Gun’s information eventually made it to the public, and caused such embarrassment to the British Government that after a year of terrifying harassment of Gun (including almost deporting her Turkish Kurdish husband), and taking her to trial (with a long sentence if found guilty of “treason,” and she had confessed), they dropped the case rather than reveal the government documents requested as evidence by the defense, because those documents (findings on the question of the legality of the proposed war, by Lord Goldstone, the U.K. attorney general) in fact explicitly stated that the war was illegal and Bush and Blair were fabricating fake intelligence to try and pull the wool over the eyes of the U.N. and the American and British public.

Katharine Gun (and the reporters and attorneys who worked to expose the government lies and defend Katharine) were exonerated, and she is a real-life heroine of historical significance — Daniel Ellsberg stated that her actions were more significant than his! Bush, Blair and their government associates, who perpetrated the massive Iraq War Crime (20 March 2003) — whose massively bloody and tragic consequences continue to this very moment — remain free, wealthy, untroubled by even a hint of Nuremberg style prosecutions, and are now even nostalgically “rehabilitated” (in the media stories aimed at the gum-chewing ADHD public, as by a sweet-smiling Michelle Obama cozying up to “oh gosh” Georgie Porgie) by comparisons to Trump today.

Once again, America managed to destroy a country, Iraq, and consume monumental amounts of American national treasure, and sacrifice thousands of American lives (as well as thousands of British lives, and hundreds of thousands to perhaps a million Iraqi lives) to lose a war — “lose” since it had no value to the public from the get-go — a war of choice, and an illegal war of aggression (just like Hitler’s war in Poland on 1 September 1939) which our highly privileged war criminals perpetrated. But, they got away with it.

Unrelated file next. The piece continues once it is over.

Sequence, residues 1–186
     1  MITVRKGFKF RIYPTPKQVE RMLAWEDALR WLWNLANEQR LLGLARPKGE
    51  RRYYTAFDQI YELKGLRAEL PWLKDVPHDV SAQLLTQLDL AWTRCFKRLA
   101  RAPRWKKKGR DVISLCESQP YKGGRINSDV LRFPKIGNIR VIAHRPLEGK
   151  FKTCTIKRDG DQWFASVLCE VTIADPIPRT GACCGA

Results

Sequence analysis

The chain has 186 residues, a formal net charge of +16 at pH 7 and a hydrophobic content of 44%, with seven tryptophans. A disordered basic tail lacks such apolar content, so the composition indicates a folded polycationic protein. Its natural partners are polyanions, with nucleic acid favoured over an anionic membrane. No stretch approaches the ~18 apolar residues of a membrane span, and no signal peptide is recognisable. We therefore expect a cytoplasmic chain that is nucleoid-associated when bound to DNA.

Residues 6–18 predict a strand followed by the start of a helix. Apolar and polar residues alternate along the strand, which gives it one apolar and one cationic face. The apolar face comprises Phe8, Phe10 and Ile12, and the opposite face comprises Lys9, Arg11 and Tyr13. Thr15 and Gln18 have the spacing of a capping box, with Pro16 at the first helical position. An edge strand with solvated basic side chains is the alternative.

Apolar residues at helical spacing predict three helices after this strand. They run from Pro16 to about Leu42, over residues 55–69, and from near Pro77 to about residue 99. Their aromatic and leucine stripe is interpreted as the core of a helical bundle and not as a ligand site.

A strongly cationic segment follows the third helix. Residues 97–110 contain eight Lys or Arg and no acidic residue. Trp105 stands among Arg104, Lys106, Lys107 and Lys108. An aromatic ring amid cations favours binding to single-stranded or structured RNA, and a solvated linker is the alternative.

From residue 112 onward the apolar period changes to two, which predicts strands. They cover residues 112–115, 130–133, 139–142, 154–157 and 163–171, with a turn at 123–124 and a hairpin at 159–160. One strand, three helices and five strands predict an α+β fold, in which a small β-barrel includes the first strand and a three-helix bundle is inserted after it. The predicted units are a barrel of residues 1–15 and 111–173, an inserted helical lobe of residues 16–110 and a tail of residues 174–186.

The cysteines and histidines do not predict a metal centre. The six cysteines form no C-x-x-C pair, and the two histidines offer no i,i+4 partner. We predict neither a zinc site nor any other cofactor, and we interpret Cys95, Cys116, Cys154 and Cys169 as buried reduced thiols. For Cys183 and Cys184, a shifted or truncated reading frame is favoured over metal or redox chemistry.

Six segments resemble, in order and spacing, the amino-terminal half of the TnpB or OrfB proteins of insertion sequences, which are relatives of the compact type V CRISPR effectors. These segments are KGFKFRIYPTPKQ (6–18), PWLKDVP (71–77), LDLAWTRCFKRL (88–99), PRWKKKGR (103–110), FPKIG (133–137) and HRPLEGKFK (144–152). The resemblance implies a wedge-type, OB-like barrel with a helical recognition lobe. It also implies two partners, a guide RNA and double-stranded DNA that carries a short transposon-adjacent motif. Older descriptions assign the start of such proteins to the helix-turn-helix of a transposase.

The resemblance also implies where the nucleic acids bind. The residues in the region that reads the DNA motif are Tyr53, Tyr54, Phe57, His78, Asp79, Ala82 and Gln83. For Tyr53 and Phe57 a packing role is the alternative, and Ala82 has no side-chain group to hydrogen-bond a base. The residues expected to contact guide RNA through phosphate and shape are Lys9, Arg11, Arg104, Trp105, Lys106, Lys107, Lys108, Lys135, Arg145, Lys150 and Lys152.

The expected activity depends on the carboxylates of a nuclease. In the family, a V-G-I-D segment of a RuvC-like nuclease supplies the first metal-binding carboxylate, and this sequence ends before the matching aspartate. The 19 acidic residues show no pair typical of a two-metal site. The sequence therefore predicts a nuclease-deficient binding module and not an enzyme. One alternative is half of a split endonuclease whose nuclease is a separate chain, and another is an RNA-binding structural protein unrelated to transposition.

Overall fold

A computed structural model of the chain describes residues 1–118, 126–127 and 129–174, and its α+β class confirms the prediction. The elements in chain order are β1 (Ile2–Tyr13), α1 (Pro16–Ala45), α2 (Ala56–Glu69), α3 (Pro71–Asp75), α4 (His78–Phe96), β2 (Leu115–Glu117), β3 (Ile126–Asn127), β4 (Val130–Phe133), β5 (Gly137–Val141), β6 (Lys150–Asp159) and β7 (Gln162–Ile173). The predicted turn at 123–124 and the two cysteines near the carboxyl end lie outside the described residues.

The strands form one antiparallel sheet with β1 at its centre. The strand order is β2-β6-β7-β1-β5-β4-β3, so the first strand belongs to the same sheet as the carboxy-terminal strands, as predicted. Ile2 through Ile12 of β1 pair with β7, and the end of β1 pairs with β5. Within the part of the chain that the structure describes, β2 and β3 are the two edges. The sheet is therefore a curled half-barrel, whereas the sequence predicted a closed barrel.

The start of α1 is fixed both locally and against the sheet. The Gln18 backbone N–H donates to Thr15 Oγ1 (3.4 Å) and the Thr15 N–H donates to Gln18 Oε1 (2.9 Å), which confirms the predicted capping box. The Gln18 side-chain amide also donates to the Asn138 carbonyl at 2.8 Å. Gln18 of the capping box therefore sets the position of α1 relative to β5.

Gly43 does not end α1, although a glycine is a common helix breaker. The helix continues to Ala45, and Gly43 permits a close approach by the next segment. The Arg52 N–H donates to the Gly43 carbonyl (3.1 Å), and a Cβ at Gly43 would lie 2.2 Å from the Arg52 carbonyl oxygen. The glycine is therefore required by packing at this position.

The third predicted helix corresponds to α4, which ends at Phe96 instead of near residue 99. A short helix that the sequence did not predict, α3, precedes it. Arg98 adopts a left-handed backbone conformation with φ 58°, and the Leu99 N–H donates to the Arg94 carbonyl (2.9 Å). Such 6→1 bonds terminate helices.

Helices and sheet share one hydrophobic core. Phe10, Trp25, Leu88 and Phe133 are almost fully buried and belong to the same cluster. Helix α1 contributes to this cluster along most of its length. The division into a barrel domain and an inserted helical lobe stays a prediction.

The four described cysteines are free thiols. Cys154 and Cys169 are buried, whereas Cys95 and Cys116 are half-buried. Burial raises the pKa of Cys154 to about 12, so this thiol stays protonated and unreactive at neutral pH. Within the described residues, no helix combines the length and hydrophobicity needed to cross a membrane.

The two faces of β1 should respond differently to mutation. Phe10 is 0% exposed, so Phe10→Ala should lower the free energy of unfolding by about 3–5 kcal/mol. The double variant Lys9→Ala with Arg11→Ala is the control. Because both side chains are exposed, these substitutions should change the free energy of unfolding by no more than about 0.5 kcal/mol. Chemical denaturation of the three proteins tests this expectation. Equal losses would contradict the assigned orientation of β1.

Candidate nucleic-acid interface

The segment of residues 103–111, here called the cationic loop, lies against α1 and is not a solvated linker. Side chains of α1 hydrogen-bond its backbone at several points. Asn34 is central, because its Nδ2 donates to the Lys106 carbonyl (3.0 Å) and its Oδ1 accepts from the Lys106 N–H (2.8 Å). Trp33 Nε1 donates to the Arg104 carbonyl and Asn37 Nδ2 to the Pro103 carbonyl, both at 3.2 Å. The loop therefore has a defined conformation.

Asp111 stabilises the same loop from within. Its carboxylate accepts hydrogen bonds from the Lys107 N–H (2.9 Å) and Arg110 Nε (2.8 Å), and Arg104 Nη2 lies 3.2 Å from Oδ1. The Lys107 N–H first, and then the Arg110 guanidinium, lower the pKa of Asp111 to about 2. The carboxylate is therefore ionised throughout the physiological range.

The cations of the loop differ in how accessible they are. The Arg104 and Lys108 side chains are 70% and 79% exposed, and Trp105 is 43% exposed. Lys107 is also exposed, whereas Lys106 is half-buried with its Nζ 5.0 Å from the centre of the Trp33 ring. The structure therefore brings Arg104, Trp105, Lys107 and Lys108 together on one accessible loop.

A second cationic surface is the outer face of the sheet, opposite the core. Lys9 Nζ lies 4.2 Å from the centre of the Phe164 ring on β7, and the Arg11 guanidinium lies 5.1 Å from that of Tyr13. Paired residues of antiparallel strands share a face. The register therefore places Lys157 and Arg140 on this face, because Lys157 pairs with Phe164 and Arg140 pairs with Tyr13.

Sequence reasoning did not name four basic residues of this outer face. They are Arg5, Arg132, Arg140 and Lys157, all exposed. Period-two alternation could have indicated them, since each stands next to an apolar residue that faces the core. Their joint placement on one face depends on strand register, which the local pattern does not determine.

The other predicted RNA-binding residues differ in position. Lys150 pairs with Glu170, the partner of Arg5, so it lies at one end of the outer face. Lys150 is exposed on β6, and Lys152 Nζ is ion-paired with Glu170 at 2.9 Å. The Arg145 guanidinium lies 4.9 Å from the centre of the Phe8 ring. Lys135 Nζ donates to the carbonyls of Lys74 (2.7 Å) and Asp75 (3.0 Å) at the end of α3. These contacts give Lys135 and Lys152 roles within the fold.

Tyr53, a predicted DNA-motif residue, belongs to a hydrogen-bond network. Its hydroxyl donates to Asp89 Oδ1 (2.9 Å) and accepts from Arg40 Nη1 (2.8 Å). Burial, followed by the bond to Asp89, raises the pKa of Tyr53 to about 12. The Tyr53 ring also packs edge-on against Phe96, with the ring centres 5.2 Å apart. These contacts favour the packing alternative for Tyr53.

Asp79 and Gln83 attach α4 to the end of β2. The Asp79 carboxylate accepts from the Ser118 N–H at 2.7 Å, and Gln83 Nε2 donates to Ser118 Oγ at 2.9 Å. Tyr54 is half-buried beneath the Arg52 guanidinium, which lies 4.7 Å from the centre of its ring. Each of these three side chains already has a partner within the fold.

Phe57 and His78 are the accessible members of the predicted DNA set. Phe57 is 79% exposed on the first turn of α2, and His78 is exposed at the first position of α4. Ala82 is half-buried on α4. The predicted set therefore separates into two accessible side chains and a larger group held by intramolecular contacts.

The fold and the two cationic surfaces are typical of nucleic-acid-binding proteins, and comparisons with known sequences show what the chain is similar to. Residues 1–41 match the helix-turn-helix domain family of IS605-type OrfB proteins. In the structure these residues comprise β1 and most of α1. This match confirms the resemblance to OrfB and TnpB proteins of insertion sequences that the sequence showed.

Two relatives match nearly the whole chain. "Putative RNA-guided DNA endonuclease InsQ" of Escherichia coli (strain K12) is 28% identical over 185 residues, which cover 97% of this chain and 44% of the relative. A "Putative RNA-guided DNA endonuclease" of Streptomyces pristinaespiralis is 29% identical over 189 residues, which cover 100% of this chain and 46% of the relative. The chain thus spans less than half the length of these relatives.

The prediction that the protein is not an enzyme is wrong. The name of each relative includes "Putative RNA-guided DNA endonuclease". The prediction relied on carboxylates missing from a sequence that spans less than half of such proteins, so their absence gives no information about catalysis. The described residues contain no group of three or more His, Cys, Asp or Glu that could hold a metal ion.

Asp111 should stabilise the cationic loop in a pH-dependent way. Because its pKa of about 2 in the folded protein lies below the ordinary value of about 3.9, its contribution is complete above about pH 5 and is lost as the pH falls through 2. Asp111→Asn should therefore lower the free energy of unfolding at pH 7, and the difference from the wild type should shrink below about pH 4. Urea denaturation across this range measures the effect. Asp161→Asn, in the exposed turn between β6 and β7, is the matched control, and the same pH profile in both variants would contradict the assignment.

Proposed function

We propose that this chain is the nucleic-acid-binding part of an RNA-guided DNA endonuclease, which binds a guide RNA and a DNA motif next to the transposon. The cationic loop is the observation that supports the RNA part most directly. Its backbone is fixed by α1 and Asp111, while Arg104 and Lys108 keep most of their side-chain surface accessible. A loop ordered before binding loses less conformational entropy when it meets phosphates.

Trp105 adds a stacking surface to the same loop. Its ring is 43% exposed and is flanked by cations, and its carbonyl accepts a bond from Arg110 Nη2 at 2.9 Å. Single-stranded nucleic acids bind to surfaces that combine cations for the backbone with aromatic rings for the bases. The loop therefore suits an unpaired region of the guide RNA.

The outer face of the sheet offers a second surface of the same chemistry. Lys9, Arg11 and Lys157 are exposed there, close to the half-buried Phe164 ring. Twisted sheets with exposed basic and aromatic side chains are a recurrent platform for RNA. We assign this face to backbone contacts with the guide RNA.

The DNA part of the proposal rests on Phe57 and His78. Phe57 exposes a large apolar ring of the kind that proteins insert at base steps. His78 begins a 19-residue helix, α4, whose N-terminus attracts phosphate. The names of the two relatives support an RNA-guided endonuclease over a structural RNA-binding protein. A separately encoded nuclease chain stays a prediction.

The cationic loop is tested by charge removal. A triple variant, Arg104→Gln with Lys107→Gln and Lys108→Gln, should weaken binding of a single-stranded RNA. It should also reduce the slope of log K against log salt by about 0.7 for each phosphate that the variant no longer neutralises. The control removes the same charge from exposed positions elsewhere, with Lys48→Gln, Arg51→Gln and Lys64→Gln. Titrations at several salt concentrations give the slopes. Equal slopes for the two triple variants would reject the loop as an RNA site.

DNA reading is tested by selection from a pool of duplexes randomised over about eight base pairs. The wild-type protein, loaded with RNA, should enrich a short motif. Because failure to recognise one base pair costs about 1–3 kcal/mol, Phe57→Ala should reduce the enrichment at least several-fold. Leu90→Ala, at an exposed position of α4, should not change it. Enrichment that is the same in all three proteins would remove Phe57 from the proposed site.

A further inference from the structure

America as a nation failed again (remember Vietnam?). The United Kingdom as a nation failed. To the extent that the American people and the UKanian people do not remember all this, and apply the tragic lesson of the Iraq War — and the Vietnam War — today to prevent the new called-for wars: on Iran, or in Yemen (to help the war criminal Saudis? to help the war criminal Israelis?, really?) and elsewhere that our highly privileged war criminals think they can make a buck and puff up their Wall Street portfolios; to the extent that these publics are so out of touch that they have no flaming anti-war consciousness, they and their nations are failing miserably. Failure is paid for in oceans of blood shed by innocent, naïve, common people, both foreign and domestic.

So I urge you to see the movie Official Secrets. It is well-made, well-played, literate, intelligent, riveting, honest. By doing so you can thank and honor an incredibly brave woman of inspiringly solid moral principle — Katharine Teresa Gun — as well as the journalists and lawyers who made their best efforts to prevent an illegal and unnecessary war; and you can use that viewing experience to help invigorate you own convictions to become aware of truth and not be lulled by indolent comfort or stupid bigotry into acquiescing to the war crime schemes (and the theft from the public commons schemes) of our all-too immune highly privileged war criminals, past and present.

By the way, a kid in my high school class (1968) was called “Frank Koza.” Don’t know if he’s the same one.

Here is the trailer to “Official Secrets”
https://youtu.be/V3vIYy38Fys

Here are the two parts of a round table interview of Katharine Gun, conducted by Amy Goodman on Democracy Now!; as well as of the movie’s director, and the two key journalists who broke the story using Katharine’s information.

PART 1:
This U.K. Whistleblower Almost Stopped the Iraq Invasion. A New Film Tells Her Story
July 19, 2019
https://youtu.be/u6n1VFDJ3CY

PART 2:
15 Years Later: How U.K. Whistleblower Katharine Gun Risked Everything to Leak Damning Iraq War Memo
July 19, 2019
https://youtu.be/CWtIu7mbnbM

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For more about my photo taken at the Iraq War protest in San Francisco, in 2003, see:

https://manuelgarciajr.com/2016/04/10/iraq-war-protest-sf-2003/

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Molotov–Ribbentrop Pact 1939, and the Russian-German War 1941-1945